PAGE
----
Modular content is flexible in how it can be presented. For example, if your content is news articles, how should the article’s author be structured? A simple text field might initially seem sufficient, but what if later you want to show a profile picture and bio? Giving the author its own content type gives the designer that option. Contentful’s admin tool is outstanding in how easy it is to set up well structured content. No programmer is needed, which saves time and money. Many legacy CMS platforms do not even support structured content. Those that do typically require a programmer to set up the structure.

Principle 3. Ensure content portability

Fully portable content can be presented on any platform – web browsers, mobile apps, search engines, smart watches. This principle relates to both content delivery and the content itself. Content delivery via API we covered. If you are already following Principle 1 to separate content and presentation, you’ve taken a big step to ensure content portability. But it’s worth considering in its own right. Consider the classic recipe ingredients list. Instead of using a text string (e.g. “6 cups of oats”), separate out the ingredient’s quantity and units so that it can be translated, converted and scaled easily (e.g. “540 grams of oats”)

Contentful built translation and units support into all of its content types. When it comes time to localize your content, you will be grateful. Most major CMS systems do support translation, but not at the structured data level that Contentful does.

Practical Considerations

Beyond the principles of COPE, Contentful has built a great product.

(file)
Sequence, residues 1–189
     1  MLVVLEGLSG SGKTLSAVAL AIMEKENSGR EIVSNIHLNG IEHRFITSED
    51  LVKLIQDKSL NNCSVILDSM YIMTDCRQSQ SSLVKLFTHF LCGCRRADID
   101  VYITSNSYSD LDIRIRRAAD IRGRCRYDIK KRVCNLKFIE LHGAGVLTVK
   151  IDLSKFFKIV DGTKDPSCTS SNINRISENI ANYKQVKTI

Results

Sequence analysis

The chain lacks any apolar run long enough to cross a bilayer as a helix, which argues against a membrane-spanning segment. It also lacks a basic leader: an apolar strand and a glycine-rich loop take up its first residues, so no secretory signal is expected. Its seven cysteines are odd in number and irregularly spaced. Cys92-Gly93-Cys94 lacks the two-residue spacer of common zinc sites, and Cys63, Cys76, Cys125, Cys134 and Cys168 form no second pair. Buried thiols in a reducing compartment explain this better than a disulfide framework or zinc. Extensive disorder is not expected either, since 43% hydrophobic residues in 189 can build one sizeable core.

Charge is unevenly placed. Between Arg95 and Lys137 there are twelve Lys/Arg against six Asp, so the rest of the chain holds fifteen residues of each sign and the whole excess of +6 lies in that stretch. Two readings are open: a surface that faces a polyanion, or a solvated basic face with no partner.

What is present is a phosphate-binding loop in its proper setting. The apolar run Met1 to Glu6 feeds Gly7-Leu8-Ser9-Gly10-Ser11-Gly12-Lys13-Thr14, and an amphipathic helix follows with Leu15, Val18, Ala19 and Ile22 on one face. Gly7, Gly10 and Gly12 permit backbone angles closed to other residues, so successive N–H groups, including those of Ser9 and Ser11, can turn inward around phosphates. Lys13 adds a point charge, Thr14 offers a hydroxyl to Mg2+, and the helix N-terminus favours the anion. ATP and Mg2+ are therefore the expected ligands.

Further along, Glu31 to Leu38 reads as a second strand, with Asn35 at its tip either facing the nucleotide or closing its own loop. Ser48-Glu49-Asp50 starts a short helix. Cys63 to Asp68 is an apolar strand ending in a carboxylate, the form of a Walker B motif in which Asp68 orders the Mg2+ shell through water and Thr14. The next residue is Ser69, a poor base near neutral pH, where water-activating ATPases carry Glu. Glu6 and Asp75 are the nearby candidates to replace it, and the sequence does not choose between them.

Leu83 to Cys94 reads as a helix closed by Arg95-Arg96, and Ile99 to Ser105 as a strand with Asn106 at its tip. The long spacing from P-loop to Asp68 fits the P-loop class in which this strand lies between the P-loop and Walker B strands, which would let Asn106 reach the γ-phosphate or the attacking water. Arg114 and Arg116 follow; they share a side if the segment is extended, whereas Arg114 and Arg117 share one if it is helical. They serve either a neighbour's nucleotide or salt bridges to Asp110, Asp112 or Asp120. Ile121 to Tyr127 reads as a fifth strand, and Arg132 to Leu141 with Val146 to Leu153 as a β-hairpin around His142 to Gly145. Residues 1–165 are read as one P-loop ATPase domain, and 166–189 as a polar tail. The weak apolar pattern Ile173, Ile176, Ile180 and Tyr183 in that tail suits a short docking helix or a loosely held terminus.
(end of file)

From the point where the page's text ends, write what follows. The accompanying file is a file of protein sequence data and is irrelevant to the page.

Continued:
Content authors – our clients – love Contentful

Contentful has done a fantastic job of creating a great interface for content editing. Their authoring tool was designed to let the author to focus on writing instead of getting distracted by formatting and design. Content authors are pleased when their content looks fantastic because the designer retained control over the presentation.

Contentful saves time and money.

Contentful elimates server/API programming costs wherever we use it. Contentful takes care of all hosting needs with an enterprise class geographically distributed content delivery network (CDN), again saving time and money. Contentful includes platform SDKs for syncing content to web and mobile apps – you got it – saving time and money. Contentful has great documentation and responsive support.

What is Markdown? Will it limit me?

For those unfamilar with Markdown, it may initially seem confusing or limiting. We recommend reading this introduction to Markdown and its benefits to understand why it has become the leading content authoring format – it’s lightweight, powerful and, most critically, portable across many platforms unlike HTML.

Can I self host?

Contentful does not offer a self-hosting option. It’s hard to conceive how they could offer self-hosting without eliminating the CDN component. Since the CDN is critical for any production application, and Contentful’s pricing is competitve with self-hosting, we are happy to let Contentful provide hosting which we’ve found to be excellent quality (they use Amazon Web Services behind the scenes).

Will I be locked into Contentful?

Contentful’s API and many third party importer/exporter options put it among the top systems with respect to portability of content.

What do you think?

As you can gather, we’re big fans of Contentful. What’s been your experience with cross platform content management?